Managing The Coming Tsunami of Genomic and Cellular Therapy Cost and Access Issues

Managing The Coming Tsunami of Genomic and Cellular Therapy Cost and Access Issues

Penn LDI 'Cost of a Cure' Conference Convenes Top Experts Including FDA Commissioner
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Photo: Hoag Levins

U.S. Food and Drug Administration Commissioner Scott Gottlieb, MD (above), was the keynote speaker at the University of Pennsylvania's "Cost of a Cure" conference on precision medicine. Gottlieb used the occasion to announce two new draft guidelines for clinical trial protocols. The first guideline would allow the evaluation of multiple drugs or diseases or patient populations under a single clinical trial structure. The second guideline would allow certain kinds of alterations in a clinical trial design according to new data produced during the ongoing investigation. Striking the conference's main "Cost of a Cure" theme, he went on to note that a decade ago, the field lamented not seeing much public health payoff from genomic research; but now, the lament is that dramatic discoveries that can alter the course of intractable illnesses are coming so fast they're overwhelming the payment and delivery systems. Click image for larger

Heavily focused on the new genres of genomic and cellular oncology treatments, the one-day University of Pennsylvania "Cost of a Cure" conference convened top experts for a dialogue around one of the most controversial topics in medicine today: the record-breaking costs of the revolutionary new drugs and therapies. Organized by the Leonard Davis Institute of Health Economics (LDI), the event was co-sponsored by Penn Medicine's Abramson Cancer Center Cancer Control Program, The Penn Center for Cancer Care Innovation, and the JED Fund. Operating under Chatham House off-the-record rules designed to encourage frank discussions, 23 of the country's top precision medicine experts from academia, government, and business interests, including pharmaceutical marketers, venture capitalists, insurers and biomedical entrepreneurs, participated in the panels. The invitation-only audience consisted of a similar mix of top academic medical center researchers, business interests and government officials.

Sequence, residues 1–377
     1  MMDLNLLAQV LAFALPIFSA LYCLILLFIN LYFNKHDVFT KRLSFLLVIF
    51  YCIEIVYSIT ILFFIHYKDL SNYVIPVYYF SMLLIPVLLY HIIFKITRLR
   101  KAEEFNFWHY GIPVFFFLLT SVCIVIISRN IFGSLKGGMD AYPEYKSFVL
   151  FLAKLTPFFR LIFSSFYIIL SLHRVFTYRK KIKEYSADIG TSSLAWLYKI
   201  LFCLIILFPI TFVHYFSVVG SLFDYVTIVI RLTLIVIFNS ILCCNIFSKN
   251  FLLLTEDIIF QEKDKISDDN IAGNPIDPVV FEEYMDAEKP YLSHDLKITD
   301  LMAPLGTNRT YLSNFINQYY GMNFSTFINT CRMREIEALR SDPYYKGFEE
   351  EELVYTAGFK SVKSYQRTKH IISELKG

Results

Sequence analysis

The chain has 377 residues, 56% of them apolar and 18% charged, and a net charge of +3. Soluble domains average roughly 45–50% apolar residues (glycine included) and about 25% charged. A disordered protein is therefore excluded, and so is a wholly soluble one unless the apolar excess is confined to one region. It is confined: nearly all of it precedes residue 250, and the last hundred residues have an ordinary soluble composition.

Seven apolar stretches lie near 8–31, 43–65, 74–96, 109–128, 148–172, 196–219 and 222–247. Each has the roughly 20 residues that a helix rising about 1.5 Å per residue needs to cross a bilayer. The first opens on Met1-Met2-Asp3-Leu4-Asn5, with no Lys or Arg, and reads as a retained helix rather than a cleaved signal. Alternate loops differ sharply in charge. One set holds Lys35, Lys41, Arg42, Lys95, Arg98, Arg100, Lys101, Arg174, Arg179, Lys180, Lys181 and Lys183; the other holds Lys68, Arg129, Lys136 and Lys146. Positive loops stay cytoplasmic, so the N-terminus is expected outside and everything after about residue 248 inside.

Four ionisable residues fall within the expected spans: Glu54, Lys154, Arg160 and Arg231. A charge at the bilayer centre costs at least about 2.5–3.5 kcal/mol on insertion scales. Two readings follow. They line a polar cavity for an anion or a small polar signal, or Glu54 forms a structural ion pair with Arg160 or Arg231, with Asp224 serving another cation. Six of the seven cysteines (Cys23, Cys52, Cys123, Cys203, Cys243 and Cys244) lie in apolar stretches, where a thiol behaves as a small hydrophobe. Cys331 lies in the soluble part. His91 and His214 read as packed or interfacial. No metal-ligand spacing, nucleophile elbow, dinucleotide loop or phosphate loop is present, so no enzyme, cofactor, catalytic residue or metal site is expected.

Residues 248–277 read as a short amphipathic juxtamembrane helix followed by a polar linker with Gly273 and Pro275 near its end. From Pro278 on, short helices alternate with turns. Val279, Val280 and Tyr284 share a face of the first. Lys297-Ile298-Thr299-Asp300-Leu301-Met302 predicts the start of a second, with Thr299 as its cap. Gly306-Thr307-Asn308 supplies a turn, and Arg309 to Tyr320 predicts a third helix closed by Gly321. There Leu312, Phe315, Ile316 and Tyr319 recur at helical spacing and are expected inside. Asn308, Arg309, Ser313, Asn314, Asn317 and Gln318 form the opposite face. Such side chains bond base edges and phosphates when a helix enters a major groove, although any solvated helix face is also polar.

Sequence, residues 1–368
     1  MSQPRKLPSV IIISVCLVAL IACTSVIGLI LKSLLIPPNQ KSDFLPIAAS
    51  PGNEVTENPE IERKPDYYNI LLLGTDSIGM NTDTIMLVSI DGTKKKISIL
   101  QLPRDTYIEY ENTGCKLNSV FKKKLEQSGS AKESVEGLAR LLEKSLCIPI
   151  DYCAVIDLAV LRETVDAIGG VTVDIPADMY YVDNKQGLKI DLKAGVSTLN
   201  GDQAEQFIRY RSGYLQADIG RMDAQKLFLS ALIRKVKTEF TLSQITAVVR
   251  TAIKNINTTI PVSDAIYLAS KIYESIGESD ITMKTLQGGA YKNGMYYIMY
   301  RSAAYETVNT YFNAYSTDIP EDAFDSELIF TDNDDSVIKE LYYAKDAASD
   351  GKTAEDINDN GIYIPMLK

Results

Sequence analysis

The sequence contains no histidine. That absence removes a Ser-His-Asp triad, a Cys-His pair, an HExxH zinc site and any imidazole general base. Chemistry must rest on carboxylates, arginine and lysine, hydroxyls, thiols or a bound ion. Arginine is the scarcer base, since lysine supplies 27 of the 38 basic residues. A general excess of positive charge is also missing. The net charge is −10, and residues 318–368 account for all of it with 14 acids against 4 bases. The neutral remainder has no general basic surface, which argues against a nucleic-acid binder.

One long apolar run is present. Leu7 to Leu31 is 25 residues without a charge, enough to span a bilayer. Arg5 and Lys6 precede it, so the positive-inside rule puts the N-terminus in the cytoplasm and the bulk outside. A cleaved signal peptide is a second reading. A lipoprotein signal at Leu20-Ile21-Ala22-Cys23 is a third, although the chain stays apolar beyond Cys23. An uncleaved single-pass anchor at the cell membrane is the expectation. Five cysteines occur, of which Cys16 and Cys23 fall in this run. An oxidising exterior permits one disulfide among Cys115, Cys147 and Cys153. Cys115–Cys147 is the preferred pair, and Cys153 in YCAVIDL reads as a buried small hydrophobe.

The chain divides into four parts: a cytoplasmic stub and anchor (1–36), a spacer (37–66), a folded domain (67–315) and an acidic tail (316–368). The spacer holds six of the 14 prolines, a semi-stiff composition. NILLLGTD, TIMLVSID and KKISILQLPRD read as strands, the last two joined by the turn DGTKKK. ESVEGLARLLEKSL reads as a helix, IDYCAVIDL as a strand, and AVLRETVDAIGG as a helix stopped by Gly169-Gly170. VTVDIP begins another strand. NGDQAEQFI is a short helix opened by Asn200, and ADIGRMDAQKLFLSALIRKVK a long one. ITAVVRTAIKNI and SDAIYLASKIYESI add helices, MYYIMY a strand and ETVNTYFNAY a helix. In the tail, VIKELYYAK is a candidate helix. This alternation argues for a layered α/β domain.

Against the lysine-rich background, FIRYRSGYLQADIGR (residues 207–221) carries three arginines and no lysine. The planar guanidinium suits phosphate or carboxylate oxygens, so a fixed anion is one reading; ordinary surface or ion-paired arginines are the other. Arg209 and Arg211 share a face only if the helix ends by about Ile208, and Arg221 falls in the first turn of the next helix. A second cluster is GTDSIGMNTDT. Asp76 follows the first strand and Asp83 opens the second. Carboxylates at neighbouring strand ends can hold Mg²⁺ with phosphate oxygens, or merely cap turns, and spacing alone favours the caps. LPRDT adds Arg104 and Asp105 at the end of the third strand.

Cost, profits and affordability were key themes. Precision medicine's current extreme prices were noted as a major issue by most speakers; others predicted that miracle curative drugs and therapies currently in the pipeline toward FDA approval were likely to be launched at prices as high as multiple millions-per-treatment. One area of debate addressed the suggestion that a new "annuity" or long-term mortgage-like financial model was needed to enable marketers and investors to support such million-dollar pricing. Government speakers questioned whether such costs were sustainable in publicly-funded provider systems already stretched to the financial limit.

One oncology expert noted that the current break-through therapy that dominated the day's conversations -- the Penn-pioneered CAR-T cell therapy that cures Pediatric Acute Lymphoblastic Leukemia -- is only one sub-type of immune effector cells (IECs) being tested for the same potential in other cancers. The expert asked the audience to imagine the cost and access implications if an IEC therapy that can cure non-small cell lung cancer (the most common type of lung cancer) was perfected and approved by the FDA. He characterized the current situation and debate as "the first rain drops of the coming tsunami."

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FDA Commissioner Scott Gottlieb (above, left) told the audience that current payment models needed to evolve to ensure a balance between proper incentives for manufacturers and accessibility for patients. He emphasized that emerging genomic and cellular technologies are not aligned with the current models for developing and paying for medicines. He said if this does not change, the pace of innovation may suffer and opportunities may go unrealized. Above, right, at a private lunch, Gottlieb, University of Pennsylvania Health System CEO and LDI Senior Fellow Ralph Muller, and the Penn Medicine leadership team discussed ways the two institutions could work together more effectively.

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In comments opening the conference, Perelman School of Medicine Dean Larry Jameson, MD, PhD, (above, left) noted when he came to Penn in 2011, it was clear Penn's biomedical researchers were on the brink of a revolution in immunotherapy. Over the next seven years, he watched that promise become a reality that catapulted Penn Medicine to international acclaim for its stunning cancer-curing breakthroughs. He said it could be argued that the new science of genomic and cellular immunotherapy may be medicine's greatest achievement since the development of vaccines. The rapid ascent and perceived importance of these new therapies is also evident in the fact that the very first class attended by this year's incoming students at the Dean's medical school was on gene-based therapies. Above, right, Ke Liu, MD, PhD, the FDA's Acting Associate Director for Oncology Cell and Gene Therapy, gave a presentation during the "Innovation" panel session.